LOUISVILLE, Ky., (WDRB) – A Bullitt County Circuit Court judge Monday dismissed felony forgery charges against former Chief Sheriff’s Deputy John Cottrell, who was second in command of the department.

Judge Rodney Burress dropped the charges after a special prosecutor failed to show up for court on a motion to dismiss the case filed by defense attorney Garry Adams.

In an interview, Adams said he filed the motion after the prosecution repeatedly failed to turn over evidence in the case, despite an order from Burress last month compelling prosecutors to do so.

Terry Geohegan, commonwealth’s attorney for Hart, Larue and Nelson counties, had filed a motion with the court claiming the sheriff’s department had not turned over the requested evidence to his office. That motion was also supposed to be heard on Monday.  

Geohegan did not immediately return a phone message seeking comment. He can ask Burress to reconsider his decision in the next 10 days.

“I was seeking the documentation from the sheriff’s department to appropriately defend my client and prove he did nothing wrong, and it was documentation that I did not receive,” said Adams.

Chief Deputy Mike Cook, a spokesman for the sheriff’s department, said that this is the first he has heard about the office not turning over evidence, and “I find that hard to believe.”

He said he would look into the issue further.

The indictment alleged that in June 2014 and March 2015, Cottrell was in possession of fake Bullitt County Sheriff's Office identification badges with the names Natasha Kamari and Natasha Parrish. He is charged with two counts of criminal possession of a forged instrument.

Cottrell was fired in October for for being “absent without leave,” according to a termination letter written by former Sheriff David Greenwell.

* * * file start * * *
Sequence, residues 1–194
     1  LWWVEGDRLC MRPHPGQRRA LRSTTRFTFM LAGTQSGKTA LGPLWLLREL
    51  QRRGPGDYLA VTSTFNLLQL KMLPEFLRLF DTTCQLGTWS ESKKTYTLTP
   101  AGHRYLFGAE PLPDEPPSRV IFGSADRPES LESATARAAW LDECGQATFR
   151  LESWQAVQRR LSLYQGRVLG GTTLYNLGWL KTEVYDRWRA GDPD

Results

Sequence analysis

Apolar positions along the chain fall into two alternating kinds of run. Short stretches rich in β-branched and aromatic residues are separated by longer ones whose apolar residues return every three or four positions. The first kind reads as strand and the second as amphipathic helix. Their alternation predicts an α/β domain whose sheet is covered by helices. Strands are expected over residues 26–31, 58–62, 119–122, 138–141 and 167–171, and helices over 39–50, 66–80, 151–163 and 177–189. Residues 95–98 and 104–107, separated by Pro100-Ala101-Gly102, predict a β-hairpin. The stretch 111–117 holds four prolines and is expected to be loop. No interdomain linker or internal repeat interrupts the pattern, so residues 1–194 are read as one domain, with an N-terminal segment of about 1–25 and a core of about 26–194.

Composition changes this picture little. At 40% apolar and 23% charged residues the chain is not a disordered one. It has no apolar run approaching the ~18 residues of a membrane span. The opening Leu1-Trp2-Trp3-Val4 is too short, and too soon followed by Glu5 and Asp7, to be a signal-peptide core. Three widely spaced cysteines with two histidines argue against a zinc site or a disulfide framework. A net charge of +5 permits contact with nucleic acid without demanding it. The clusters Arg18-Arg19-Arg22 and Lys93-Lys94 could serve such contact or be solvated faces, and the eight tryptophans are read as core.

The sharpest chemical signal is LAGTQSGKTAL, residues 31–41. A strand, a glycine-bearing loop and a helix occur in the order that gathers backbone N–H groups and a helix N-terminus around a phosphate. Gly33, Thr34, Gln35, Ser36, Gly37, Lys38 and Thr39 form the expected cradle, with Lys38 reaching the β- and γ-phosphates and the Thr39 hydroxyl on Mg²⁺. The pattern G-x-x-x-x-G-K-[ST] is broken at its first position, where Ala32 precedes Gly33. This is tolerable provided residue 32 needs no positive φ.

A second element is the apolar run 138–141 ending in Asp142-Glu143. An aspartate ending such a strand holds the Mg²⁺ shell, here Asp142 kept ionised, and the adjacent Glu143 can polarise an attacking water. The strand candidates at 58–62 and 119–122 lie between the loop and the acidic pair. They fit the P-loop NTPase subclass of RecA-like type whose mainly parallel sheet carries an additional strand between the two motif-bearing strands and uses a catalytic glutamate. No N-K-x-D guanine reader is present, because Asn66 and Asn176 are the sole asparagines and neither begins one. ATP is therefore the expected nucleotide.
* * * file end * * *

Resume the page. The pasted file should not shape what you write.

The termination letter does not specify how much time Cottrell missed. It alleges Cottrell violated the department’s conduct standards – “absence from duty.”

The department has said that Cottrell was also under investigation for allegedly forging a deputy identification badge for his girlfriend in June 2014. 

The girlfriend allegedly worked off duty at several places using the badge, according to a synopsis of the investigation, obtained under the Kentucky Open Records Act. The businesses were led to believe the woman was a deputy, according to records. The woman was never hired by the department. She has not been charged. 

Cottrell told WDRB previously hat the allegations were "a joke. They are trying to muddy the waters to what the actual problem is and that's them."

Cottrell had been with the sheriff’s department since January 2011. Before that, he worked for the Pioneer Village Police Department, according to LinkedIn.

Cottrell has filed a whistleblower lawsuit claiming he was fired after revealing that Greenwell was involved in criminal activity.

In the suit, Cottrell claims he was wrongfully terminated Oct. 5 while out on medical leave by Greenwell as retaliation for taking part in a criminal investigation against the sheriff.

Cottrell claims he and two subordinates in the department investigated Greenwell and “revealed that the Sheriff is involved in serious criminal activity.”

Greenwell was indicted in federal court in May on five charges, including obstructing an investigation and aiding a special deputy in his department who sought to distribute more than 1,000 kilograms of marijuana.

Among other charges, he is accused of  "arranging a secret meeting" and informing a special deputy identified as “C.M.” that he was the subject of a narcotics investigation and giving him the names of a potential witnesses.

Greenwell also allegedly told C.M that his business was under surveillance and provided information that investigators had obtained under wire tapping, according to the indictment. 

Greenwell has pleaded not guilty to all charges.

While "C.M." is not identified, a former Bullitt County Sheriff's special deputy named Chris Mattingly pleaded guilty last year to being part of a drug cell in Kentucky that had ties to Mexico and distributed drugs and large sums of cash across the country.

Greenwell resigned from the department on Feb. 28 amid allegations of misconduct, ending his letter or retirement with, "P.S. Jesus knows!"

If convicted, he faces a minimum of 10 years in prison and a maximum life sentence.

Over the last two years, Cottrell said he reported alleged mismanagement, waste, fraud, abuse of authority and illegal activity by Greenwell, according to the lawsuit.

The lawsuit did not provide details on the alleged criminal activity.

Capt. Mike Halbleib and Det. Tim Murphy, who work in the department’s drug task force, assisted in the investigation of Greenwell, according to the suit.

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